A Podcast To

Power Up


Connect with the Frontline Non‑Profit Leaders Who Inspire You

Photography by Hannah Colen

Power Station: The Social Activism Podcast for Progressive Non-Profits

Stay Informed

On forward-looking ideas from progressive non-profit leaders

Network With Other Leaders

On social media to ask questions and offer ideas:

Gain Leadership Insight

By connecting to leaders with real-world experience creating change

Not nearly enough

media platforms showcase progressive non-profit leaders, which minimizes their role in change-making and can leave them feeling isolated and disconnected.

Let’s inspire and learn from each other.

All progressive change-makers benefit from connecting with peers and amplifying each others’ voices.


Power Station logo by Yadira Gonzales

Get Inspired to

Make Social Change

Listen to Power Station now wherever you download podcasts.

Foundations Stepping Up
35 min
#313 Greater Washington Community Foundation

Where To Listen

Consider the implications of undertaking a 10-year strategic plan during a global pandemic. The Greater Washington Community Foundation did just that, bringing its intentionally diverse constituency of civic, business, nonprofit and community leaders together to inform the process and vision. In the Washington DC region, the pandemic exposed the thin economic margins, structural racism, and lack of access to resources that Black and other communities of color have grappled with in and around our nation’s capital for generations. As Tonia Wellons, President, and CEO of Greater Washington Community Foundation explains on this episode of Power Station, the moment created an opportunity to engage its unique cohort in building on the Foundation’s core competencies, identifying barriers to economic justice, investing in groundbreaking solutions, and aligning itself with change making, high impact nonprofits. Tonia breaks down how closing the racial wealth gap is embedded in every issue the Foundation tackles and in its robust investments in targeted guaranteed income initiatives and a brand new school-based Children’s Savings Account. Tonia Wellons see its convenings as the Foundation’s superpower, the space where communities have a voice, business leaders become allies and impact is an achievable goal.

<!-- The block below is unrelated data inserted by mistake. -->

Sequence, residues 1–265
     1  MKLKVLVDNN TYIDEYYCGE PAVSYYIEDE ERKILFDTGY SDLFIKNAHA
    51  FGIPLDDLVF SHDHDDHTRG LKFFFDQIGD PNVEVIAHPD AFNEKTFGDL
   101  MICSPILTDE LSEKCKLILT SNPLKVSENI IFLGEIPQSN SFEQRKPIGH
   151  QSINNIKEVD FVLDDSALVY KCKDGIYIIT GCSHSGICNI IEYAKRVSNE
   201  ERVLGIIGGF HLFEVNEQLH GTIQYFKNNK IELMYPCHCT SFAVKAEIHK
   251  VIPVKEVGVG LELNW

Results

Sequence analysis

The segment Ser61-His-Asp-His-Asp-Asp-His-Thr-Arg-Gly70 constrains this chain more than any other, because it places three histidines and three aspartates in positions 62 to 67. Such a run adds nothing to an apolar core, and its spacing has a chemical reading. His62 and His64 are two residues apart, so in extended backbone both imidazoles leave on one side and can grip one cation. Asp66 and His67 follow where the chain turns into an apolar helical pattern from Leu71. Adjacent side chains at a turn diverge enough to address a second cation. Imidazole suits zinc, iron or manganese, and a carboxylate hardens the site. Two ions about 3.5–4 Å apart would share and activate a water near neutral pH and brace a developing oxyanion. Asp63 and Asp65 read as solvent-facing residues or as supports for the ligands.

Identity, Voice and Justice
34 min
#312 National Council of Asian Pacific Americans

Where To Listen

In 1996, a small group of Asian American civil rights leaders in Washington, DC stepped up to launch a new and inclusive organization, the National Council of Asian Pacific Americans. The vision was to create a home for, and combine the forces of, a diverse constituency that includes South Asians, East Asians, Native Hawaiian Pacific Islanders and more to ensure that their voices and expertise were heard and included at public policy making tables. NCAPA is now where 40+ national AAPI nonprofits with expertise in healthcare, education, immigration, housing, and technology make recommendations and, when needed, demands to the White House, Congress, and federal agencies. This work is critical to raising the profile, needs and contributions of communities that too often have been invisible to decision-makers. In this episode of Power Station, National Director Gregg Orton, who learned the hard scrabble but exhilarating world of policy making as a Congressional staffer, shares NCAPA’s recent accomplishments. After decades of advocacy, the White House is on the brink of updating the collection of AAPINH data by standardizing data disaggregation. Gregg is savvy, hopeful and a consummate and welcoming bridge-builder. Hear him and share.